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Version 0.26.2

The Falco Project

Cloud Native Runtime Security

What is Falco?

The Falco Project is an open source runtime security tool originally built by Sysdig, Inc. Falco was donated to the CNCF and is now a CNCF incubating project.

What does Falco do?

Falco uses system calls to secure and monitor a system, by:

  • Parsing the Linux system calls from the kernel at runtime
  • Asserting the stream against a powerful rules engine
  • Alerting when a rule is violated

For more information, see Falco Rules.

What does Falco check for?

Falco ships with a default set of rules that check the kernel for unusual behavior such as:

  • Privilege escalation using privileged containers
  • Namespace changes using tools like setns
  • Read/Writes to well-known directories such as /etc, /usr/bin, /usr/sbin, etc
  • Creating symlinks
  • Ownership and Mode changes
  • Unexpected network connections or socket mutations
  • Spawned processes using execve
  • Executing shell binaries such as sh, bash, csh, zsh, etc
  • Executing SSH binaries such as ssh, scp, sftp, etc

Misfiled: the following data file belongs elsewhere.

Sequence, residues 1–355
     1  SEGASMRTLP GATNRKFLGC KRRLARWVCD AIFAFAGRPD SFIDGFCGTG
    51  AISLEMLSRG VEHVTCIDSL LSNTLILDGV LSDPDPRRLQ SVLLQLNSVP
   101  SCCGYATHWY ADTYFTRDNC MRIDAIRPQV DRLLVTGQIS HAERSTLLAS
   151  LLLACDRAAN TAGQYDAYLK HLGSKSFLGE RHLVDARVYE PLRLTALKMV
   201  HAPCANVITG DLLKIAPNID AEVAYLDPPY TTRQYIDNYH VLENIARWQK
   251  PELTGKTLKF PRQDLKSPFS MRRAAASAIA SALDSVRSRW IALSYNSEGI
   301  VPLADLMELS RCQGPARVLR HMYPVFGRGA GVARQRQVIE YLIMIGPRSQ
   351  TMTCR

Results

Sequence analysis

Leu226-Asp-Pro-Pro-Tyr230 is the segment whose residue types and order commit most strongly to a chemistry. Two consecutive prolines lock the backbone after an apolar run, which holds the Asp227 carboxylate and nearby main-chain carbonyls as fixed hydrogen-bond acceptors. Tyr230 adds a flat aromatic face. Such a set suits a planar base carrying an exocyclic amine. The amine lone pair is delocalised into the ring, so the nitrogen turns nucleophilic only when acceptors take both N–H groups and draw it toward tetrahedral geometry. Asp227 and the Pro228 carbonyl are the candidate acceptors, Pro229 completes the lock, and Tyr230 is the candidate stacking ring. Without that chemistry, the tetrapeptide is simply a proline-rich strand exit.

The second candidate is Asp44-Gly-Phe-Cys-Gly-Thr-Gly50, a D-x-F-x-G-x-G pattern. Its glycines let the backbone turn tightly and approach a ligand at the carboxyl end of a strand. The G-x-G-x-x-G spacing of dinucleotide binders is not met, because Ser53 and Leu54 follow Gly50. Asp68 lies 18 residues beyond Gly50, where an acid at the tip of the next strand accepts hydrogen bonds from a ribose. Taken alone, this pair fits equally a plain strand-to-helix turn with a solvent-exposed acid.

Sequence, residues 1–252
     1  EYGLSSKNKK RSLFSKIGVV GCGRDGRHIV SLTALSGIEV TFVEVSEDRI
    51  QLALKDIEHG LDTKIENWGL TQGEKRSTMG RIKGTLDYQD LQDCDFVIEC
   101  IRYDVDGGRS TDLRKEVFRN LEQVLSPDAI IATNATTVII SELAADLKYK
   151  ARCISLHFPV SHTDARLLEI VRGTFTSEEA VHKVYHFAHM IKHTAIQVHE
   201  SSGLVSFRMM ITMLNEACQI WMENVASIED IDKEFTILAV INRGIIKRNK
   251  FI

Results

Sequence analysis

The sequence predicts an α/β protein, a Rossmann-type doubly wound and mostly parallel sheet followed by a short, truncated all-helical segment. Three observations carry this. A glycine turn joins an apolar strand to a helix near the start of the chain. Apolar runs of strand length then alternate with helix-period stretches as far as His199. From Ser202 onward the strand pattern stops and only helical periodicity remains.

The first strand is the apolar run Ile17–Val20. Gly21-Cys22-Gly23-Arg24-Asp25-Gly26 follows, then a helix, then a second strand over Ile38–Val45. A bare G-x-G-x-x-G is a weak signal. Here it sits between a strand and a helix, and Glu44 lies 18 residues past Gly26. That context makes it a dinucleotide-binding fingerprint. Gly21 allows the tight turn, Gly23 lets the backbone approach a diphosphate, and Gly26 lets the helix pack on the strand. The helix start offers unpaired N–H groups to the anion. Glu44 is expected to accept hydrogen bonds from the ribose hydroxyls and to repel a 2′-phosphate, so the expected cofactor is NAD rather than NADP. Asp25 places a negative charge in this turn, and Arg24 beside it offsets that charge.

• Mutating Linux coreutils executables
  • Mutating login binaries
  • Mutating shadowutil or passwd executables such as shadowconfig, pwck, chpasswd, getpasswd, change, useradd, etc, and others.

What are Falco rules?

Rules are the items that Falco asserts against. They are defined in the Falco configuration file, and represent the events you can check on the system. For more information about writing, managing, and deploying rules, see Falco Rules.

What are Falco alerts?

Alerts are configurable downstream actions that can be as simple as logging to STDOUT or as complex as delivering a gRPC call to a client. For more information about configuring, understanding, and developing alerts, see Falco Alerts. Falco can send alerts to :

  • Standard Output
  • A file
  • Syslog
  • A spawned program
  • A HTTP[s] end point
  • A client through the gRPC API

What are the Components of Falco?

Falco is composed of three main components:

  • Userspace program - is the CLI tool falco that you can use to interact with Falco. The userspace program handles signals, parses information from a Falco driver, and sends alerts.

  • Configuration - defines how Falco is run, what rules to assert, and how to perform alerts. For more information, see Configuration.

  • Driver - is a software that adheres to the Falco driver specification and sends a stream of system call information. You cannot run Falco without installing a driver. Currently, Falco supports the following drivers:

    • (Default) Kernel module built on libscap and libsinsp C++ libraries
    • BPF probe built from the same modules
    • Userspace instrumentation

    For more information, see Falco Drivers.